WASHINGTON - Prospects for peace in Afghanistan appeared more remote Thursday after an early morning Taliban suicide car bomb attack on a government building in southern Afghanistan killed at least 15 people, bringing to more than 70 the death toll in such attacks this week. The violence is expected to increase further as Taliban insurgents have warned of attacks on polling centers just days ahead of the country’s planned presidential elections.
The latest spate of bombings across Afghanistan, including an attack earlier this week targeting President Ashraf Ghani, follow the collapse of peace talks between the United States and the Taliban.
Moreover, there are the concerns that the ever-growing anger and animosity may make it that much more difficult that an eventual deal, including the Afghan government, if reached, will ever take hold.
Of particular concern to some U.S. officials is the fate of about 60,000 full-time Taliban fighters who would be forced to lay down their weapons and find a new way of life, likely within the communities they once battled.
“The reintegration of former fighters into society — a complex and long-term process with social, economic, political, security and humanitarian dimensions —will be critical for Afghanistan to achieve lasting peace and stability, a goal crucial to U.S., coalition and Afghan interests,” according to a newly released report by the Office of the Special Inspector General for Afghanistan Reconstruction (SIGAR).
How to employ former fighters?
The challenge will be massive. In addition to the full-time Taliban fighters, U.S. officials estimate there are 90,000 seasonal fighters, some of whom may also need to be integrated into the workforce.
Making prospect all the more daunting, Afghanistan’s economy is struggling, stifled in part by an ongoing drought and facing slowing growth and high levels of unemployment.
U.S. officials also worry about pervasive government corruption and the allure of criminal networks making money from illegal drugs.
Put together, it is enough for SIGAR to warn that conditions are “not conducive to a successful reintegration program.”
Failure to eventually reintegrate tens of thousands of Taliban fighters, should the Taliban and the Afghan government ever reach an agreement, could also be costly.
“If ex-combatants are not accepted by their communities or are unable to find a new livelihood, they may be vulnerable to recruitment by criminal groups or terrorist organizations like the Islamic State Khorasan, the local branch of the Islamic State active in eastern Afghanistan,” the report warns.
Peace talks dead
However, such challenges may still be far off.
The White House this week labeled the latest Taliban attacks, which killed almost 30 civilians at an election rally in Parwan province, “cowardly.”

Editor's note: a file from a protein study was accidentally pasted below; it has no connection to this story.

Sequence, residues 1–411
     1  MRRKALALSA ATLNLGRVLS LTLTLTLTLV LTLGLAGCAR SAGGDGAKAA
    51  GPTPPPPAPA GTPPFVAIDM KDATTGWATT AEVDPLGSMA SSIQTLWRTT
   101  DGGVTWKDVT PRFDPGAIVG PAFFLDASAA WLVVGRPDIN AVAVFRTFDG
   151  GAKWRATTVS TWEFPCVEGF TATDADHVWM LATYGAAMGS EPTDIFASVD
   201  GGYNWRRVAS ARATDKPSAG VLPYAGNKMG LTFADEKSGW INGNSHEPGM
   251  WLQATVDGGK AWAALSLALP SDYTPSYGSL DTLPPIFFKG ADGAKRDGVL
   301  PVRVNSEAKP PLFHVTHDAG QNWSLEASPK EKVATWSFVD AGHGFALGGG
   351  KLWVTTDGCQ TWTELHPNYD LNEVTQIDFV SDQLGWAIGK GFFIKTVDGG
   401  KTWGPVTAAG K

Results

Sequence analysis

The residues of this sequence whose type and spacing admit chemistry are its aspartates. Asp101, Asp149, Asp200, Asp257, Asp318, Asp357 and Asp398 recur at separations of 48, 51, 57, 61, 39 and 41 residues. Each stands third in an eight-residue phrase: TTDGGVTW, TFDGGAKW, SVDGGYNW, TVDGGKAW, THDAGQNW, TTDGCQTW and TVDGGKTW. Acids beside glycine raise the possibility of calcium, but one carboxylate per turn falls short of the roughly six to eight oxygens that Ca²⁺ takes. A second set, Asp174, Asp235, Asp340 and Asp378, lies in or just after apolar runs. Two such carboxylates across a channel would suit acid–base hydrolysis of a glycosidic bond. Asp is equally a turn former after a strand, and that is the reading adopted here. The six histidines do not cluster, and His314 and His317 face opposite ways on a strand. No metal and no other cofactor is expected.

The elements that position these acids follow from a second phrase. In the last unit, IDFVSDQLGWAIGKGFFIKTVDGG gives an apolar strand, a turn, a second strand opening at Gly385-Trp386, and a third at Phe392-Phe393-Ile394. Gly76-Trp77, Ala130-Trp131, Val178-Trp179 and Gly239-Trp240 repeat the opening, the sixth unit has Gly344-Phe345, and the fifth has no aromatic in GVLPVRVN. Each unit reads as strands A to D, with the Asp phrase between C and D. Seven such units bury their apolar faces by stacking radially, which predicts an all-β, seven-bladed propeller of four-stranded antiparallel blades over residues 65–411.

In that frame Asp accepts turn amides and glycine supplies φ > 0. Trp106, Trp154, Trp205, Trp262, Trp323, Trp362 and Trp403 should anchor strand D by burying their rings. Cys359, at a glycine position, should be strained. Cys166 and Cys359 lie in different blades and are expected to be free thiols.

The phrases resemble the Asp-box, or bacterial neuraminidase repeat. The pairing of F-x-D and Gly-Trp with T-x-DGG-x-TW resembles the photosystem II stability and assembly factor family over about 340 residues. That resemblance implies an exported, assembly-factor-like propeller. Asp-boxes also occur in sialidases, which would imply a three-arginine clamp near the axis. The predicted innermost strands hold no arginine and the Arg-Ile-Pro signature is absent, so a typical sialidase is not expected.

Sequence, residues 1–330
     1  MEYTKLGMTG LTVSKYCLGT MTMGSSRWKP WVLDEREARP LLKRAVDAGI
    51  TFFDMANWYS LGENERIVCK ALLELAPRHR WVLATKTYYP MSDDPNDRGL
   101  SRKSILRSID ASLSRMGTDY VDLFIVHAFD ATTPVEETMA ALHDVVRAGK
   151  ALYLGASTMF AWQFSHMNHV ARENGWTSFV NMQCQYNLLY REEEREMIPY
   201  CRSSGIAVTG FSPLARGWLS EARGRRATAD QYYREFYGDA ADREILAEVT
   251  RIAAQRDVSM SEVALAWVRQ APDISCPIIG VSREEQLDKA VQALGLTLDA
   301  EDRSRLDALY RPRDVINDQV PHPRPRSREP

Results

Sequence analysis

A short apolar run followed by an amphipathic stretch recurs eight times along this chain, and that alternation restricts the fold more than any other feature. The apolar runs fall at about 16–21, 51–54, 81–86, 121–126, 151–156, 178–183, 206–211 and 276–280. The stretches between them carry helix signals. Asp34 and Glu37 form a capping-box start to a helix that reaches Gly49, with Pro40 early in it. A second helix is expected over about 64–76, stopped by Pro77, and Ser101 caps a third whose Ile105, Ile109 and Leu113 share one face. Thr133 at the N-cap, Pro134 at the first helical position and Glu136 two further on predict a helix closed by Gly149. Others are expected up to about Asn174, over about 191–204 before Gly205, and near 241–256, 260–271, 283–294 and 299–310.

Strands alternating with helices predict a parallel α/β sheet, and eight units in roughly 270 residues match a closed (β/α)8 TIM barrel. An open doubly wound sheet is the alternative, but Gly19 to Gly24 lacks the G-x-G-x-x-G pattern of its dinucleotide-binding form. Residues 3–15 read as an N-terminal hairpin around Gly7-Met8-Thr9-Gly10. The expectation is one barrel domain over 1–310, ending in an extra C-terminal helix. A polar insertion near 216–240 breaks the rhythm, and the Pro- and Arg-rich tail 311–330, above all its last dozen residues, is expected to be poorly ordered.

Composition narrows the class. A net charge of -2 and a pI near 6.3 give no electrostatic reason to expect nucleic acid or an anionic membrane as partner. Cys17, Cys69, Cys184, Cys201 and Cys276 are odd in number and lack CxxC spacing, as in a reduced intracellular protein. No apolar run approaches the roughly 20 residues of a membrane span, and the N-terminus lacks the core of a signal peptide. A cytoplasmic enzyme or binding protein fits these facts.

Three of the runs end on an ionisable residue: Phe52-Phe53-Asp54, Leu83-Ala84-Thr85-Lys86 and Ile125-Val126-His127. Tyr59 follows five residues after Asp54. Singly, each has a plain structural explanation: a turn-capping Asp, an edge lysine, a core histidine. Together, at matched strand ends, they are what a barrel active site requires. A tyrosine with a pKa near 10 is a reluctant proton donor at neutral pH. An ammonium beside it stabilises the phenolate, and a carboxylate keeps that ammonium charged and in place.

U.S. President Donald Trump “has made clear that he will not negotiate a peace agreement while the Taliban continues such attacks,” the statement said.
Afghan government officials have also bristled, repeatedly, at the way negotiations between the U.S. and the Taliban have played out, with the government sidelined in the initial talks.
“The people of Afghanistan and their elected representatives have been eager to engage in a meaningful peace process,” Afghan Ambassador to the U.S. Roya Rahmani, told a Washington audience last week.
“We know peace is on the horizon,” she added. “We also know it will come on our terms.”
Forcing US out
Meanwhile, the Taliban have been reaching out to U.S. adversaries such as Russia, China and Iran in the hopes of finding ways to force the U.S. to leave Afghanistan.
“The purpose of these visits is to inform leaders of these countries about the peace talks and President Trump’s decision to call off the peace process at a time when both sides had resolved all outstanding issues and were about to sign a peace agreement,” a senior Taliban official in Qatar said Wednesday.
The developments have some former U.S. military officials warning reconciliation and reintegration may not be possible for the foreseeable future.
“I never thought negotiations with the Taliban were a good way to go,” former U.S. Special Operations Command Commander, retired Admiral William McRaven, said during a forum in Washington Wednesday.
McRaven, perhaps best known for overseeing the raid that led to the death of al-Qaida founder Osama bin Laden in Pakistan in 2011, warned the U.S. military will have to stay in Afghanistan to counter the Taliban for years to come.
“If we negotiate some sort of settlement with the Taliban and that settlement calls for the withdrawal of all U.S. troops from Afghanistan, it won’t be six months or a year before all the blood and treasure we have put into Afghanistan will have been reversed,” he said.